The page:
Manufacturing investment is expected to stabilize gradually. Tax cuts and fee reductions have been implemented and will truly enter the dividend distribution period, which will stabilize corporate profits.

According to the calculations by China Chief Economist Forum, 51% of the 865.7 billion yuan generated by tax cuts will go to consumers and the remaining 49% will directly benefit the corporate sector. A dividend of 314.5 billion yuan will go to industrial enterprises. This is expected to have a positive impact of 4.7% on the year-on-year growth rate of industrial enterprises’ profits in 2019, slowing the downward trend of corporate profits.

No need for pessimism

There is no need for pessimism in the real-estate sector. The tightening of housing policies in 2018 gave way to high turnover strategies to accelerate the return of funds. The gradual withdrawal of the high-turnover strategy gradually produced downward pressure on the real estate investment market. On paper, it may seem to be a worrying risk but its real effect on economic growth is projected to be lower than market expectations.

In the second half of the year, the biggest uncertainty is still Sino-US trade frictions. Trade talks have resumed since the G20 meeting and the current round of trade negotiations will transition into a long game. The US economy will enter a cycle inflexion point in 2019, meaning the US economy will be unable to bear an extreme escalation of the trade conflicts.

Any extension of the global trade conflicts will exert external pressure on the Chinese economy but the change in global policies has also given China a new space for economic policies internally.

Fiscal policies have replaced monetary policies, becoming the new protagonists of countercyclical regulation. The remaining special debt quotas will be used and other debt types are expected to enter the policy menu to further strengthen the role of infrastructure in the economy. The social safety net is expected to improve in the second half of the year as well.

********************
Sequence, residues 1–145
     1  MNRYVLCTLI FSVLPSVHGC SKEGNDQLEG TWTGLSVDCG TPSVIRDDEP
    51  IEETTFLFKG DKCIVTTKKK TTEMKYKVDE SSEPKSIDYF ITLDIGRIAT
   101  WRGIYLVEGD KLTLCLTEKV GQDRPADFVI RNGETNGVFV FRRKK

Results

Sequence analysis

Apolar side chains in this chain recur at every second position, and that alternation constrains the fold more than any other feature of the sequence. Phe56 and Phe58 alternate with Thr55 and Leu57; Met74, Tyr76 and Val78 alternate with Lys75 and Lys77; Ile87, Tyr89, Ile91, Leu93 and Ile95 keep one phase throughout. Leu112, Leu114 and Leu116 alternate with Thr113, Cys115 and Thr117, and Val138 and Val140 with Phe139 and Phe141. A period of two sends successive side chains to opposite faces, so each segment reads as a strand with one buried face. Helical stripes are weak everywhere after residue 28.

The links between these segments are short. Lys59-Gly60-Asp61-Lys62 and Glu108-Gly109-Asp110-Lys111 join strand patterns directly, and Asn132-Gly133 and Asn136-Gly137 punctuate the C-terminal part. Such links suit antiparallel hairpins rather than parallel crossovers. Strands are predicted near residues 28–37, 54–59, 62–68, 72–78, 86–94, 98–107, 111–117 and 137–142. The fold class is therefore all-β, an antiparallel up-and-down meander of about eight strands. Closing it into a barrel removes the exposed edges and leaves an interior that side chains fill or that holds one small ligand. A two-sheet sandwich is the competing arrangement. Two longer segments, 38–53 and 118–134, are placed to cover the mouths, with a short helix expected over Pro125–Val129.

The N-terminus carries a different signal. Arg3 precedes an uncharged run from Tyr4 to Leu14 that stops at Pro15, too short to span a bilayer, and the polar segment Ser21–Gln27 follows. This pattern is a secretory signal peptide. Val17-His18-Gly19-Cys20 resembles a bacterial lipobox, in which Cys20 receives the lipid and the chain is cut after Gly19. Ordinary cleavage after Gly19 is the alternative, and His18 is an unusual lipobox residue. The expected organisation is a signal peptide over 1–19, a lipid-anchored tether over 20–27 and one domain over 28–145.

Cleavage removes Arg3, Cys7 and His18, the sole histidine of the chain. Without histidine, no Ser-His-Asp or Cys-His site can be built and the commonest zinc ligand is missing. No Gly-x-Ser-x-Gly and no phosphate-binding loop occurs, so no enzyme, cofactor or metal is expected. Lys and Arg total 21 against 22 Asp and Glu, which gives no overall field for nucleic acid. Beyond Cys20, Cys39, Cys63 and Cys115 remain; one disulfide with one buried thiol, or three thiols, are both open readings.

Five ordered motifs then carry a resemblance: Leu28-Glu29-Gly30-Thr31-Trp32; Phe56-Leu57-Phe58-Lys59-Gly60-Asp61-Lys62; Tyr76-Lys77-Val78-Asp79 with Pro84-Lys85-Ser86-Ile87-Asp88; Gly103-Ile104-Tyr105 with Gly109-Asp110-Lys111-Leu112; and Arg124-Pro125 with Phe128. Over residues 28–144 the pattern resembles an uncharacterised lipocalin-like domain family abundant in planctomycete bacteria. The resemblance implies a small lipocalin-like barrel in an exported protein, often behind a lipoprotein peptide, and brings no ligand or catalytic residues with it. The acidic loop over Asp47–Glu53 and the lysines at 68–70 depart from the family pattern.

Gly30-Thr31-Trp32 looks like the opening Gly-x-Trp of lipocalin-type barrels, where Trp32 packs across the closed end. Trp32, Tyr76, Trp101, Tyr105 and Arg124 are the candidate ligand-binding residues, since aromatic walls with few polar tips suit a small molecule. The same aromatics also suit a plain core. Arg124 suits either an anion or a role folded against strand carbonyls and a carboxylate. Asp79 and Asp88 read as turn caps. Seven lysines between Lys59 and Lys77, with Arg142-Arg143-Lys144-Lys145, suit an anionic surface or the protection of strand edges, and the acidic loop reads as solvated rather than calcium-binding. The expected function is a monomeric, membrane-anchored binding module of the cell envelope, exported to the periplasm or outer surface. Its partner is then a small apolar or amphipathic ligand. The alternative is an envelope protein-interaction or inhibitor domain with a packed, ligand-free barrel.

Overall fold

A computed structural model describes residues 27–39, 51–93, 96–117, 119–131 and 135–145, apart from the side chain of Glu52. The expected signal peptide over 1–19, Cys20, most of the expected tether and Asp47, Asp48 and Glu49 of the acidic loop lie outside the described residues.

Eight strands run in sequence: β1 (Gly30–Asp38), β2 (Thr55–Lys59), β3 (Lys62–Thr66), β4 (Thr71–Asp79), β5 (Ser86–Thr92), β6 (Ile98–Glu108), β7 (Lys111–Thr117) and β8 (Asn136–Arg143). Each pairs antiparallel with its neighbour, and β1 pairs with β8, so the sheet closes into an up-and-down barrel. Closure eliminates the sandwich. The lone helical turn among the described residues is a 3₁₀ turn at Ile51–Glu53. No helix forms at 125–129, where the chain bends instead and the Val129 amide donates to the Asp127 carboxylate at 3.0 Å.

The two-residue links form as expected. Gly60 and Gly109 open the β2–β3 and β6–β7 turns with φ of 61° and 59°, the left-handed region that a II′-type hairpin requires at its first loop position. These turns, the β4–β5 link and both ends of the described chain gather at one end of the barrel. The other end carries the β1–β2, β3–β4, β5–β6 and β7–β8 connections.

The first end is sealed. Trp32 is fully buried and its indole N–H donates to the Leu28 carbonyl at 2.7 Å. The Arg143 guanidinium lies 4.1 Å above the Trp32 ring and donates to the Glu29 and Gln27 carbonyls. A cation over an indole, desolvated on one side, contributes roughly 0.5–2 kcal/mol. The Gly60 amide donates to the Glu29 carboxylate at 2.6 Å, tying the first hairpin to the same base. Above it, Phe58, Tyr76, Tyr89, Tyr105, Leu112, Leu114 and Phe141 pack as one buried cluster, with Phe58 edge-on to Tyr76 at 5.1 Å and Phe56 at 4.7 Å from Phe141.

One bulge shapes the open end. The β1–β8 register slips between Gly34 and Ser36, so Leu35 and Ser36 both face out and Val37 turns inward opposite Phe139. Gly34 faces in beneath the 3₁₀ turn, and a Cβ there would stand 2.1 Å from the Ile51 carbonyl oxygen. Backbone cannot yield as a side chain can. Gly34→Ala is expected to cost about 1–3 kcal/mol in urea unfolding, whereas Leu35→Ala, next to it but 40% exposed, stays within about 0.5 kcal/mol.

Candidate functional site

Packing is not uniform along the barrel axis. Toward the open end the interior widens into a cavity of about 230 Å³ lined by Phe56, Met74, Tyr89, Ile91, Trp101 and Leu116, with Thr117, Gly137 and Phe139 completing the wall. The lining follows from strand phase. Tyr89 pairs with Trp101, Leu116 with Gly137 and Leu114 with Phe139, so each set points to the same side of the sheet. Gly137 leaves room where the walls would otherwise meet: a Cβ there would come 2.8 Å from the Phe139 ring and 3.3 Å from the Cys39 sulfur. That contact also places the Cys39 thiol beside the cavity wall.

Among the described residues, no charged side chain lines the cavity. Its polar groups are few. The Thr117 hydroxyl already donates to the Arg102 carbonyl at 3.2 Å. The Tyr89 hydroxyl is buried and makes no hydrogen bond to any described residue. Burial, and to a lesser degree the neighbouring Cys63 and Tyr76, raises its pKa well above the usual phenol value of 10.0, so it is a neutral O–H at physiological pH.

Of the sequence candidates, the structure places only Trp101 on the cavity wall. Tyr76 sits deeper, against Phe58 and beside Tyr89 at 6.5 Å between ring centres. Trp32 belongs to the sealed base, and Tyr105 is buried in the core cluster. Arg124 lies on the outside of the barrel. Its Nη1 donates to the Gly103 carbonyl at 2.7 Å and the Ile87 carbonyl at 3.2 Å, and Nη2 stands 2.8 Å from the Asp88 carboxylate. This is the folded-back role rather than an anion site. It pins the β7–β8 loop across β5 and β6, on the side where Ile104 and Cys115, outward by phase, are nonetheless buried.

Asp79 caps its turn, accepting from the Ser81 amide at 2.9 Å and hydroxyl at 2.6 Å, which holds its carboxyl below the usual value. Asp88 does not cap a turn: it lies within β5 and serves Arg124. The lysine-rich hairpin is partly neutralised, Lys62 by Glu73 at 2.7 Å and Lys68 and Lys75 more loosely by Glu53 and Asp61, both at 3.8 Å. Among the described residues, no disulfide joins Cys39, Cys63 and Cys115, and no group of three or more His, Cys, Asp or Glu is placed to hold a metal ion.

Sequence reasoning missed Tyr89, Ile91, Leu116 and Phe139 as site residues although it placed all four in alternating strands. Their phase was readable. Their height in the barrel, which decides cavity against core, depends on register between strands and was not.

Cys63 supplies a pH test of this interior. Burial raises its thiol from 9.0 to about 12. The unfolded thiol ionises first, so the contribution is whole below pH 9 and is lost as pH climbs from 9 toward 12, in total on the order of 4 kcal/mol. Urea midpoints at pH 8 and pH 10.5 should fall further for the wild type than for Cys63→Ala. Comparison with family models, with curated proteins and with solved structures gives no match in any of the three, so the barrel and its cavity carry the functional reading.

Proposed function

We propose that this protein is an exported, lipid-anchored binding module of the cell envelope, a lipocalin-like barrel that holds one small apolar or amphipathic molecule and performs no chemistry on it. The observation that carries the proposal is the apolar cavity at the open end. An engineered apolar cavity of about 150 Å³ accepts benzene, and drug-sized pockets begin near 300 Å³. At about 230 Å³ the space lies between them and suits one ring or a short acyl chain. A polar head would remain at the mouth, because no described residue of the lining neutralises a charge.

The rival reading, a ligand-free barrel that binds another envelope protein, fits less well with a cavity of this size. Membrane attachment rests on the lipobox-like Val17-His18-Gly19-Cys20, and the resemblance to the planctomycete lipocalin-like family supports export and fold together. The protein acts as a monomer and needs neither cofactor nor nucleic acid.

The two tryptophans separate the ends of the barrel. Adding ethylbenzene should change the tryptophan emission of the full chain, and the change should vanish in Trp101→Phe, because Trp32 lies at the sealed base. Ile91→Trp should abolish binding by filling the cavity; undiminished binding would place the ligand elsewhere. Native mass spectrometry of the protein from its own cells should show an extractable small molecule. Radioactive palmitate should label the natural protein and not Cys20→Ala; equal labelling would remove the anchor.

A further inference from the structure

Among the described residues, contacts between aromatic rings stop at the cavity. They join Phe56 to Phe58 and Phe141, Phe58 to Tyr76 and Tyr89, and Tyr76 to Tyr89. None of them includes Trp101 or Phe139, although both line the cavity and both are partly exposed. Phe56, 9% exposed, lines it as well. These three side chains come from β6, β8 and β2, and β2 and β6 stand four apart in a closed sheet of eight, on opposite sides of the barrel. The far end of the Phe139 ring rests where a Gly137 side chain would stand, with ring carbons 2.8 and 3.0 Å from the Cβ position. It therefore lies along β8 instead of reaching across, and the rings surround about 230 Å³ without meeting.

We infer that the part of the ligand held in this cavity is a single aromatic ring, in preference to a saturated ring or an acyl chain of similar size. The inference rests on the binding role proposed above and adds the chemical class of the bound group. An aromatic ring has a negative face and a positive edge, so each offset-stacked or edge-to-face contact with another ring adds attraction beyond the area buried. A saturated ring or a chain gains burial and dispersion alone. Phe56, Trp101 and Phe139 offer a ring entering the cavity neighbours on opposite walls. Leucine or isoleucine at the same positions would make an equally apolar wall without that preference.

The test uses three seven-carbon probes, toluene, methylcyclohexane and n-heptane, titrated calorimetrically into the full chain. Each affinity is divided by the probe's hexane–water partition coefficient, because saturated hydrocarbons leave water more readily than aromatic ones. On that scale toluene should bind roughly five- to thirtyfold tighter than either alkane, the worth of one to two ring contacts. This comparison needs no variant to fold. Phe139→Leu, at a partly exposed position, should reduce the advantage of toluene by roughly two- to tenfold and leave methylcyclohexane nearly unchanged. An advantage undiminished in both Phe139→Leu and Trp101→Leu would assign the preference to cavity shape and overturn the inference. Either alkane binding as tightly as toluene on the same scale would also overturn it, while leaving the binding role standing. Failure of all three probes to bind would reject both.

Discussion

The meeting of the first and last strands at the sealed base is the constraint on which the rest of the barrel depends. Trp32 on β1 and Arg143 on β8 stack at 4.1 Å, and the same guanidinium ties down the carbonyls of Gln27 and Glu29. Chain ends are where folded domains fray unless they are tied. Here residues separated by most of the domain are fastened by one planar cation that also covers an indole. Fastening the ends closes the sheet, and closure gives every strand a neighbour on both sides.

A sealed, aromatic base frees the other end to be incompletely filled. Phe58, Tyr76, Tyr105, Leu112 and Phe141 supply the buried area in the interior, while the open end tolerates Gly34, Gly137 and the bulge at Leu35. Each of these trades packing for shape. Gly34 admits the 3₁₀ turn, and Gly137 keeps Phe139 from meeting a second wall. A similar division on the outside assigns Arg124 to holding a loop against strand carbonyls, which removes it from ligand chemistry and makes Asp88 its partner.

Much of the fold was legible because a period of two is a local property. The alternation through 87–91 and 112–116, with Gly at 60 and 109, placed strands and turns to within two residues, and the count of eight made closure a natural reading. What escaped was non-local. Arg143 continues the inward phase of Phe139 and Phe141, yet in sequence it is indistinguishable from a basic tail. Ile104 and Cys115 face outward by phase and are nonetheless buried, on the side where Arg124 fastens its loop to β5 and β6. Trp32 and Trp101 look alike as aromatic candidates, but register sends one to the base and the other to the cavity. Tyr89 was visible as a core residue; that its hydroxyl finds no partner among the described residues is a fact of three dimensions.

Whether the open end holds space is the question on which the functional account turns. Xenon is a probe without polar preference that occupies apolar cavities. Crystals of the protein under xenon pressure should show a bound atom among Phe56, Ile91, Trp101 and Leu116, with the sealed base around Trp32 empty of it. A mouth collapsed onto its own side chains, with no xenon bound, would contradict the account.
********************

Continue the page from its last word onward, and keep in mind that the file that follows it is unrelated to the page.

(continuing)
Due to the high probability of the US Federal Reserve cutting interest rates in the second half, China will follow suit as well. The People’s Bank of China is expected to lower interest rates of OMO and MLF in a timely manner but the possibility of lowering the benchmark interest rate for deposits and loans remains small. The current dual goals of “steady growth” and “promoting reform” will be taken into account. RRR will be reduced depending on the situation as well. As a result of these policies, the M2 growth rate and other indicators are expected to moderately rebound in the remaining six months.

At a time when global recovery is weak, the comparative advantage of China’s economic growth is expected to be highlighted further. The continued expansion of financial openness international capital will gradually return to the Chinese market in the form of first-receiving assets and post-equity assets in the second half of 2019.

This article was first written by Cheng Shi and Qian Zhijun from the China Chief Economist Forum before being published on and translated by Kamaran Malik.